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Having a personal injury claim made against your business can be troubling. Not only does it mean someone is holding your business responsible for an injury that has befallen them, but there are other factors that can impact your company.
We explain what happens during a personal injury dispute and highlight the help available to businesses.
A personal injury claim is essentially a negotiation. The injured party needs to be able to prove their injuries are legitimate and caused by negligence on the part of your company.
This involves their solicitor contacting your business to outline the injuries and when they were caused, and asking you to accept or deny liability for the injury. Accepting liability means that you can begin the process of settling the claim outside of court.
Working with a solicitor, the injured party works out a suitable compensation settlement. This is based on their injuries and the potential loss of earnings.
Their solicitor will then liaise with you and your legal team to reach a settlement – an amount of compensation the injured party would be happy to accept. If they are happy to accept this, the compensation is paid to the injured party and the matter is considered closed.
In the event that a settlement cannot be reached, or if you deny liability for any injuries claimed, the personal injury dispute may be taken to court to reach a conclusion.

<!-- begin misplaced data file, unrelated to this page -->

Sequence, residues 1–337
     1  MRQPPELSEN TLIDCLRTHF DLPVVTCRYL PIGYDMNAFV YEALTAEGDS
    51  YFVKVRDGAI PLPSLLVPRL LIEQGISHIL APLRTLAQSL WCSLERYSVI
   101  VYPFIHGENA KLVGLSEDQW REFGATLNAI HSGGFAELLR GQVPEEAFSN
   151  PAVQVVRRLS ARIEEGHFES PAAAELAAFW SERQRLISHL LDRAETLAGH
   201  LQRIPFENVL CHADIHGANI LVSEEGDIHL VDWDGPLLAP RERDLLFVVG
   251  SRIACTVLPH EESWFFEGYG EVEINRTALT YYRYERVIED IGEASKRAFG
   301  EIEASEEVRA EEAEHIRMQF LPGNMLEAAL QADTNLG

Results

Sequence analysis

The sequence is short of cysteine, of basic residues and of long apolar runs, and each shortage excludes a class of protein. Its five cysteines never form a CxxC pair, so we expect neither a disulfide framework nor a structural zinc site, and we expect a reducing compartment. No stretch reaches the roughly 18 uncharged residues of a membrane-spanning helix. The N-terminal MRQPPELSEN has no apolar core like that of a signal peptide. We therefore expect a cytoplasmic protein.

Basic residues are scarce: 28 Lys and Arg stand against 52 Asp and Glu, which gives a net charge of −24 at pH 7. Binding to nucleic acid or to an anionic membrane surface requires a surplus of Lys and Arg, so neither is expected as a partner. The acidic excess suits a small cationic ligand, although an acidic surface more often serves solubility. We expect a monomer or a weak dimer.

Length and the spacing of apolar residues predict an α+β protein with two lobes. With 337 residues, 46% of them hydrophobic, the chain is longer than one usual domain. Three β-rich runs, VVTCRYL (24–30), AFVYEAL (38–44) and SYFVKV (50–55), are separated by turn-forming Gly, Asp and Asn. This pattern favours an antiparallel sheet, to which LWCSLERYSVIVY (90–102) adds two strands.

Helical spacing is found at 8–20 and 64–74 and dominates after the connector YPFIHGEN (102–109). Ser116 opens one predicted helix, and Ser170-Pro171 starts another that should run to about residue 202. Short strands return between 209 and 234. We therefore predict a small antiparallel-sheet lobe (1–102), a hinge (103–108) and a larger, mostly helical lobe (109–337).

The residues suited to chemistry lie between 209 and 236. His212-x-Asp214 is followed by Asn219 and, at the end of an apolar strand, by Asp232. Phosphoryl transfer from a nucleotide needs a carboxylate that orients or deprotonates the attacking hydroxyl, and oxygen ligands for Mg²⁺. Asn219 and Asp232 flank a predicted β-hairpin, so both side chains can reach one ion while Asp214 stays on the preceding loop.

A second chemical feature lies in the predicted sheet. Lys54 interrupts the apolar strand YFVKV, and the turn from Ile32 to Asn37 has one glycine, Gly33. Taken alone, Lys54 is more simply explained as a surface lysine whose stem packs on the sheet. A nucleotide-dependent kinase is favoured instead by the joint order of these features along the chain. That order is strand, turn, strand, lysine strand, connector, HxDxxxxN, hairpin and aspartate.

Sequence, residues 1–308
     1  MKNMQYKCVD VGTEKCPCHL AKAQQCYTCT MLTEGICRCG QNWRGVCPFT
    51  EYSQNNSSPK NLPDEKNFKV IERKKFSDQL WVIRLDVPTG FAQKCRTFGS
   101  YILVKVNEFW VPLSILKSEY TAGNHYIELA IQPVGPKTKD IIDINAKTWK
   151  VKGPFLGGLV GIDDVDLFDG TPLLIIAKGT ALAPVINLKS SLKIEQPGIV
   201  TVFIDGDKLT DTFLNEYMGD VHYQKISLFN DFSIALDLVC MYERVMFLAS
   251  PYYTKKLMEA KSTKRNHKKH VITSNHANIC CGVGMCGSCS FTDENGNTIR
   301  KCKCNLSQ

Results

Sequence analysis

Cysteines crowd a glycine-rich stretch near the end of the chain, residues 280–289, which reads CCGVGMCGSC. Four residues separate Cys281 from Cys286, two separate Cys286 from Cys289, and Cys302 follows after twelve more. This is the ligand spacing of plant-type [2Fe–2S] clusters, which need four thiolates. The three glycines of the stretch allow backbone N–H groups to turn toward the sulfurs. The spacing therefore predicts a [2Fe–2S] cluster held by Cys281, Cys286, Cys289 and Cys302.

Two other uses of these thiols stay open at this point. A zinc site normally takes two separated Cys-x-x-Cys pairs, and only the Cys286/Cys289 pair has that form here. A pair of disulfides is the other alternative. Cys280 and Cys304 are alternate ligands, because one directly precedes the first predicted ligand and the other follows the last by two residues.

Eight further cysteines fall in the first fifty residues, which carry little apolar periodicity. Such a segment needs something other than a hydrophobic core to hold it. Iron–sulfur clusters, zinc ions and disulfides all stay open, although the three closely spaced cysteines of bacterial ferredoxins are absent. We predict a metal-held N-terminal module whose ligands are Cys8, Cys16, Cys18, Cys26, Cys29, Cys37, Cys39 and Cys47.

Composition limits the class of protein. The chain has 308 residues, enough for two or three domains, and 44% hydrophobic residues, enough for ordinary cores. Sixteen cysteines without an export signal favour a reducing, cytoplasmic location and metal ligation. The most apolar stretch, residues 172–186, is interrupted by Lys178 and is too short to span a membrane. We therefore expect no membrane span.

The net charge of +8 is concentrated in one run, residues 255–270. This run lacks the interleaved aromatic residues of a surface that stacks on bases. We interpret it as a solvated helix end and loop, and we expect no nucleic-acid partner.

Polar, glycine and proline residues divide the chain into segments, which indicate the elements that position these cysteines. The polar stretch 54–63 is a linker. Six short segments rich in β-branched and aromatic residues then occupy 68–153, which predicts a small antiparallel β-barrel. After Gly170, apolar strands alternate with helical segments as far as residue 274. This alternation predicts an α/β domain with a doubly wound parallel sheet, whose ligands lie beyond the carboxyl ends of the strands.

This is when evidence, based on injuries to the claimant (the person making a claim) and accounts from witnesses, will be taken into account by a judge. This will be used to help the judge and jury – depending on the size of the case – decide whether or not your business was responsible for the injuries suffered. The judge’s decision will also dictate the amount you have to pay in fees and compensation.
It’s important to note that the longer a claim is, the more you can expect to pay in legal fees.
Whether you decide to settle or go to court, it’s important that after a claim or legal case to make sure you take the appropriate steps to prevent this from happening again.
Following a personal injury claim against your business, one of your first steps should be reassessing your health and safety provision. For instance, was there an issue that led to the accident? If so, how will it be rectified?
Reiterating to staff the need to be vigilant and report any health and safety concerns is also key. Putting measures in place to avoid issues developing, and making sure your health and safety processes are as water tight as possible, can go a long way in helping reduce the chances of a claim being made in the future.
To help with personal injury disputes, FSB provides its members with access to a specialist legal protection scheme.
The scheme puts members in contact with dedicated legal and tax specialists who can advise on a number of issues, including personal injury claims. Members also get access to legal cost insurance, helping to protect businesses from hefty legal fees.
Other benefits include:
To find out more about how FSB can help your business deal with personal injury claims, get in touch with a member of our team or visit the FSB Legal Protection Scheme page.
Legal protection covers various scenarios and ensures you and your business are covered
National Federation of Self Employed & Small Businesses LimitedSir Frank Whittle Way / Blackpool / FY4 2FE. National Federation of Self Employed & Small Businesses Limited (FSB) is registered in England, number 1263540